The Washington State Office of the Superintendent of Public Instruction publishes a data manual each school year that lays out the information collected on students at the almost 300 school sites across the state.
The document is 127 pages long, and its appendices add another 61 pages to the total.
It lays out coding information for 244 countries, 327 languages, 10 ethnicities and 56 races, but that’s not the information that decision makers see. Instead, 32 Native American tribes become “American Indian/Alaskan Native,” nine countries become “Native Hawaiian/Other Pacific Islander” and 16 groups become “Asian.”
That’s a problem for people like Sharonne Navas, co-founder and executive director of the Equity in Education Coalition.
“If you don’t disaggregate the data, it ends up being the average of all things put together,” she said. “You have kids doing really well put in the same pot with kids doing not so great. It becomes really unreliable data.”
Averages are useful, but they are terrible at dealing with outliers, the individual numbers that break from the mold and end up considerably higher or lower than the majority.
Most of the time, it’s all right to discount those outliers as exceptions that make the rule. But you need to be comparing things with the same characteristics, and that’s where it falls apart with demographics.
Lumping together nationalities and races is a big deal, such as for people listed as “Asian.” The continent is the world’s largest, including everything from China to Palestine. These nationalities have a range of histories and experiences in the United States and King County, which has become increasingly diverse since 2010, according to the King County Office of Performance, Strategy and Budget.
Averaging information such as school test scores hides when some groups are doing well and others are struggling. It becomes difficult to target help toward the groups that need it, said Brianne Ramos of the Commission on Asian Pacific American Affairs.
“With funding it’s important to know what communities are there and then we know who to serve,” she said. “Asian, Asian Pacific Islander you run the risk of hiding those disparities.”
Before the 2010-2011 school year, the State Board of Education data showed that 65 to 70 percent of Asian students were meeting academic English and language arts standards. Starting in 2010-2011, the federal government began recognizing “Asian” as distinct from “Pacific Islander.” Suddenly, “Asian” students were meeting standards closer to 70 percent of the time, whereas “Pacific Islander” students were meeting standards a little more than 45 percent of the time. When students were allowed to self-identify their race or ethnicity, the range of academic achievement became even broader.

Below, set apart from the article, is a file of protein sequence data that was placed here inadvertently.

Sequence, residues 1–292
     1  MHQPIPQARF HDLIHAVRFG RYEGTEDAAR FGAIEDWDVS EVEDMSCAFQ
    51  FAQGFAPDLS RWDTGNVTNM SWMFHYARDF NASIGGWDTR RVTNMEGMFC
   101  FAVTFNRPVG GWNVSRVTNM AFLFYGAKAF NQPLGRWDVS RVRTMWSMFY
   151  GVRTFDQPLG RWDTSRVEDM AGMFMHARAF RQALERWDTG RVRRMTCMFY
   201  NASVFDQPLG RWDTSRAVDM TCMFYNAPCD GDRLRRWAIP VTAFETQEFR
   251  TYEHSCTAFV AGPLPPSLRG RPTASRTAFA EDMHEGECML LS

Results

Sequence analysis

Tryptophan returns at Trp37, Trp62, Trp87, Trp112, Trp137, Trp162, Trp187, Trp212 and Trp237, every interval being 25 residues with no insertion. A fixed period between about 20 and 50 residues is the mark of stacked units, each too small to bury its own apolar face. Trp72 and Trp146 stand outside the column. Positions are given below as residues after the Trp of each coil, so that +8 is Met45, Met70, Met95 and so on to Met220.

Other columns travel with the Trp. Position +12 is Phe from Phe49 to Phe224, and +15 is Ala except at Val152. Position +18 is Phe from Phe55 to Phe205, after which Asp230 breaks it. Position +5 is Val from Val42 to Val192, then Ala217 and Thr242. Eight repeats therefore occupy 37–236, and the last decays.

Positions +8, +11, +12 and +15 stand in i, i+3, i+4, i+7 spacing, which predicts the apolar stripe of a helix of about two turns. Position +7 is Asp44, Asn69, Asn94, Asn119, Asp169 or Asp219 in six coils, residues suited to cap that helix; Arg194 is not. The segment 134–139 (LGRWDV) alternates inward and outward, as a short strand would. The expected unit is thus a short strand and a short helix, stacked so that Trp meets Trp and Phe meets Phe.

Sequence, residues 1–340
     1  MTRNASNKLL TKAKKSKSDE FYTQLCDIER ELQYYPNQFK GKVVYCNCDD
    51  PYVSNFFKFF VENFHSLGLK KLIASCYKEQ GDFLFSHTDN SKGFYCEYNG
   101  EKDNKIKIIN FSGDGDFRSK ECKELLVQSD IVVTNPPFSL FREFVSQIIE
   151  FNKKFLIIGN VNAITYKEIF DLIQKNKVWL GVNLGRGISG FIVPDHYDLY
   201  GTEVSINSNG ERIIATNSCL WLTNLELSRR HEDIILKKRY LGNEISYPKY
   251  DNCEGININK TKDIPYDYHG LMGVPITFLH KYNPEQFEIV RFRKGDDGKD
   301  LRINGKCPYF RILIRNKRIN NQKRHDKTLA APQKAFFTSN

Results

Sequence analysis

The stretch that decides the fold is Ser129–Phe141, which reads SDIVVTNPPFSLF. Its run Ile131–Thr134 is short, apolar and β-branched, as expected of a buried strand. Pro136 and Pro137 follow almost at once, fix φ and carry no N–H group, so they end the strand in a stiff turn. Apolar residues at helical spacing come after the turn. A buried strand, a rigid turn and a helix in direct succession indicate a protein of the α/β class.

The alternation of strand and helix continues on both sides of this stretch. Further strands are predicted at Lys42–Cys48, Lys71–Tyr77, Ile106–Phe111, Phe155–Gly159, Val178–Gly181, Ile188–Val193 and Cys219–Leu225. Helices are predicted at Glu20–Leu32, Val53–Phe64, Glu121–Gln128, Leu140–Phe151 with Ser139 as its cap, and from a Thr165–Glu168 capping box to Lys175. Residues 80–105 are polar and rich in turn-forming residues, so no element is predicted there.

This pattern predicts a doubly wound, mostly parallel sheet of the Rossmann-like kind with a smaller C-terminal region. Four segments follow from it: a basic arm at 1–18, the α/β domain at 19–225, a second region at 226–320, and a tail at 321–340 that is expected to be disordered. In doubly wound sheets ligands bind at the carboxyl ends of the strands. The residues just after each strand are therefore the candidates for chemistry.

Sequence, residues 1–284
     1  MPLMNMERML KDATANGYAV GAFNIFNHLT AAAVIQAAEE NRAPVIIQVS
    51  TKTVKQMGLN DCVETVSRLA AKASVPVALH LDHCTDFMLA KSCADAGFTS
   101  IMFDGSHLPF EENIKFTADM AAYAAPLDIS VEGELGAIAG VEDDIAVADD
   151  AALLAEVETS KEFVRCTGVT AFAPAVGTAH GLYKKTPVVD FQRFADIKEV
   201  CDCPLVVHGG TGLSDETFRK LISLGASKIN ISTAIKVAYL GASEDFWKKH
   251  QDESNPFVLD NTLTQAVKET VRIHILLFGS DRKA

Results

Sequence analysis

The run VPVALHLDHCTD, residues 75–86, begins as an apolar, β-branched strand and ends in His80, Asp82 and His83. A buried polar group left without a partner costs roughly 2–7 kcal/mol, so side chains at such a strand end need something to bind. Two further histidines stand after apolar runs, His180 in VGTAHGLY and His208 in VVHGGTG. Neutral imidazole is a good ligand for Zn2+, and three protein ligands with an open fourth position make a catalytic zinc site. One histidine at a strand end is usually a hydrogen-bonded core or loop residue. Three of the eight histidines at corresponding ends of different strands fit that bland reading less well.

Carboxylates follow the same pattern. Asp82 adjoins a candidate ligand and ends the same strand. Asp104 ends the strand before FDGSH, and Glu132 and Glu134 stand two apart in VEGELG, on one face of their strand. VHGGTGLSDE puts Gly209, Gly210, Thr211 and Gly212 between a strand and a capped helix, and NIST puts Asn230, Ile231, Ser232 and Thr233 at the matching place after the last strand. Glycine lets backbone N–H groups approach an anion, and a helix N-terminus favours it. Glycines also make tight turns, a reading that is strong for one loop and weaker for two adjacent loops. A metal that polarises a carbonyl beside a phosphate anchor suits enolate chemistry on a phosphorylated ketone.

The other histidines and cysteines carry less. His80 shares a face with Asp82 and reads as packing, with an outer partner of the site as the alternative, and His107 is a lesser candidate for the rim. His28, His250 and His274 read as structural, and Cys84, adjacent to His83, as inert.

Each group of students still tended to do better than Pacific Islander students, but that ranged from more than 85 percent of Taiwanese students meeting standards to a little more than 55 percent of Laotian students doing so.
The integrity of that data is suspect, however, because while it now gives many options for races or countries of origin, it isn’t built to code for biracial children. If a student is both Vietnamese and Korean, for example, checking both of those boxes shows up in state data as two individuals.
“There’s a lot of doubling up,” Navas said.
It creates a situation where staff at school sites are the only ones who know with absolute certainty who they are educating and how well they’re accomplishing that goal.
Part of the problem is that data-collection standards are driven by the federal government, which uses broad categories in massive efforts such as the United States Census that takes place every 10 years. Even the feds are coming to understand the limitations of those categories, said Alisha Coleman-Jensen, a researcher with the United States Department of Agriculture Economic Research Services.
The organization plans on putting out research looking at food insecurity among Hispanic subgroups who experience the economic realities of the United States very differently.
Although there tends to be less variation amongst the Hispanic and Latino populations in Washington than in the Asian groups, more diversity is starting to show up in groups of African descent, even further highlighting the need for disaggregated data.
The lack of data may sound like a small problem in a state where education is so poorly funded that the Washington Legislature is getting fined daily for not putting enough money into the school system, but in fact that makes it even more critical that decision makers know where the need really is.
“At some point, I think we have to have that very hard conversation about how schools with large numbers of kids of color are not getting as much money as they need,” Navas said.